LARP Combat design notes
A few weeks ago I put up a few posts, all secretly hinting at a LARP. I’d intended to follow up the next week but then a bunch of traitors all tried to hire me, so I had to go through their interview torture processes just to escape. The process isn’t quite over yet, but I’ve managed to finally get out of the null zone and broadcast my Very Loyal thoughts to all you Very Loyal citizens. Let’s talk about LARPing Paranoia.
My spouse and I have co-written a LARP and have done two playtests, both excellent successes but also pointing to the need to shore up a few loose ends. Then CO-V-ID-19 happened and it turns out that getting a bunch of people together in the same room for four hours is a really bad idea. Bummer. Hopefully things will open up later this summer and we’ll get to run a few more games. Eventually we’ll publish the thing (I know you’re reading this /u/wjmacguffin
, get at me).
For now though, let’s talk combat. Combat is central to Paranoia. Ask any Paranoia veteran about their favorite moments playing Paranoia and most of them will be some form of combat. It might not be straight roll-for-initative combat, but it’ll be some sort of violent, usually-explosive conflict. Combat in Paranoia is fast-paced and wacky. Players love it because anything can happen and usually does.
This is incredibly difficult to replicate in a LARP setting. I’ve never found a combat system in a (non-boffer) LARP that I’ve enjoyed. Boffer is fun, but not in the goofy Paranoia way we all love. It might be possible to run a combat-light LARP in the Straight style of Paranoia but that’s a bad idea for one key reason: I suck at running Straight style Paranoia. So we’ll need to write a combat system from scratch.
To sum up, the goals of our combat system were:
- Work in a LARP atmosphere of players who probably don’t know each other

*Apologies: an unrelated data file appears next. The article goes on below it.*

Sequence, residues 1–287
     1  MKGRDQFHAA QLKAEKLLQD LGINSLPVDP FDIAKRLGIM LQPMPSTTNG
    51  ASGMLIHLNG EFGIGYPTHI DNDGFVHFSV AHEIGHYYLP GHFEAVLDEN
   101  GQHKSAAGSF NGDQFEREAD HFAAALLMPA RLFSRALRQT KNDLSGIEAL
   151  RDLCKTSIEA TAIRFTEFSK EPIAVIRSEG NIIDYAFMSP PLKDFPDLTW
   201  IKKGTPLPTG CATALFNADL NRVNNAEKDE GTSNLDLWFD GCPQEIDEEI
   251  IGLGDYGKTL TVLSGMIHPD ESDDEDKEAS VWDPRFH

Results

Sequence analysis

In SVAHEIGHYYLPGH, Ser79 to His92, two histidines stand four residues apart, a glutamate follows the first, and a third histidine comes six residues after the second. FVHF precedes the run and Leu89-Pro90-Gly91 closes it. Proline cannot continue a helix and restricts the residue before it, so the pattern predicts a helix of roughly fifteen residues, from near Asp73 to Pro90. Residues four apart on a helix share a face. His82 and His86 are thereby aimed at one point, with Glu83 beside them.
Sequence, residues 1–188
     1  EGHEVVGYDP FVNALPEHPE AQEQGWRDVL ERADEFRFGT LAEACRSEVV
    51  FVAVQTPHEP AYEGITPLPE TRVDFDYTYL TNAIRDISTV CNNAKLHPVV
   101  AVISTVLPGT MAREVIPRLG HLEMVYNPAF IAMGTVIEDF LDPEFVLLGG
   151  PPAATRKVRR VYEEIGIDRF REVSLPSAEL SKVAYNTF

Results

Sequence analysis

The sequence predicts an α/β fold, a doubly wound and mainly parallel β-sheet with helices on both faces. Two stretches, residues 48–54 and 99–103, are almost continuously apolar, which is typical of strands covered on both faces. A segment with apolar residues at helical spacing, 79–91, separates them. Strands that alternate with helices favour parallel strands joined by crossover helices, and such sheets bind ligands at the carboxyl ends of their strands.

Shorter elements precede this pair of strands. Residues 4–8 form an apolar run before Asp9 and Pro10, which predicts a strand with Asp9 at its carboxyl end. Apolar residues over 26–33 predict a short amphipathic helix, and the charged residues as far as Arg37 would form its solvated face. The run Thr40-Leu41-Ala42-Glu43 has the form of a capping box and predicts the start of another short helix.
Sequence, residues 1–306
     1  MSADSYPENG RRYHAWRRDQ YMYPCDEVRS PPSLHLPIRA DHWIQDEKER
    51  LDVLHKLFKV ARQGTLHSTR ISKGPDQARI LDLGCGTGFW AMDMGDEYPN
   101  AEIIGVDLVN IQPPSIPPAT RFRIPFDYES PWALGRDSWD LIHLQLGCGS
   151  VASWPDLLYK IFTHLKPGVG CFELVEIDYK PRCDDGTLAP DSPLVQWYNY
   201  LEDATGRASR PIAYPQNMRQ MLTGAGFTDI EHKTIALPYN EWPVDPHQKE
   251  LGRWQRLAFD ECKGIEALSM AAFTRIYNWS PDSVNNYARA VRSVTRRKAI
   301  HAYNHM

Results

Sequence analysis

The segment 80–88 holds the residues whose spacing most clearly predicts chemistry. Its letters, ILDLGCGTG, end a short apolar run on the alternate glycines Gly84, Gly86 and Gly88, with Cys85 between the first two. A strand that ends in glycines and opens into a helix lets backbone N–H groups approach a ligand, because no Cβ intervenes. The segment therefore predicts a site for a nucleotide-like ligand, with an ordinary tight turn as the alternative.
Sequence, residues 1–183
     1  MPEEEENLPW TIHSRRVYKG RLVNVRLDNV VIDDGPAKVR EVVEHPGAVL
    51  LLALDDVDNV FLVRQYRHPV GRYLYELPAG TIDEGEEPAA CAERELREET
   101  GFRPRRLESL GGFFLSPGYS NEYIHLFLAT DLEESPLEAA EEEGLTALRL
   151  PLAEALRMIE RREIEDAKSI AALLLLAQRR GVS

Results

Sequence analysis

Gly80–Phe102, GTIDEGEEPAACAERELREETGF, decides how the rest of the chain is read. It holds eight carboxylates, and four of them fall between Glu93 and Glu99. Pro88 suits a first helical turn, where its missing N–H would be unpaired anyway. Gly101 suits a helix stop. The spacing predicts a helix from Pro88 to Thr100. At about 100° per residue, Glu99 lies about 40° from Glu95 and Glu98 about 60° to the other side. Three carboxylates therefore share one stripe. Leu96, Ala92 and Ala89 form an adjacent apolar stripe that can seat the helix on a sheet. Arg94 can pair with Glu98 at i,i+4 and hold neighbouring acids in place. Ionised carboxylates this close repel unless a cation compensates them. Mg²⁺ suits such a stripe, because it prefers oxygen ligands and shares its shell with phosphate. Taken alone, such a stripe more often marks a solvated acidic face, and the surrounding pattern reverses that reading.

- Be loud, goofy, and memorable
- Allow for player creativity
Version 1: Form-Based Combat
What could be more Paranoia? Two players locked in vicious combat, furiously filling out forms at each other. We wrote up a couple different forms for combat. We wanted questions to be fairly easy to answer unless the player was under pressure
. Types of questions:
- Simple math equations
- Questions about the player’s character
- Including some treasonous ones, where the “correct” answer wasn’t the true one
- “What do you know about the Ghenna Incident?”
- Nonsense questions, “What did the Jabberwocky end up with in the Plutarch?”
- All forms ended with the Google “Check here to confirm you’re not a robot” prompt
We spent quite a bit of time designing the forms, rules for engagement, equipment modifiers, etc, and then printed out a whole pile of them for use during the LARP.
It was a colossal failure. Exactly zero form-based combats happened. Playtesters mentioned afterwards that the rules around combat were confusing. Nobody wanted to stop playing for a few minutes to fill out forms, even if the questions were funny. We had to scrap the whole mechanic (don’t worry though, we recycled the paper).
Looking back, the form-based system was funny in concept, but missed on quite a few of the design goals. The joke wore off quickly and wasn’t likely to result in the deep gut laughter we were going for. The forms might feel urgent but there’s a difference between urgent and fast-paced. Ultimately, the forms just slowed everything down and our playtesters wisely chose to route around them.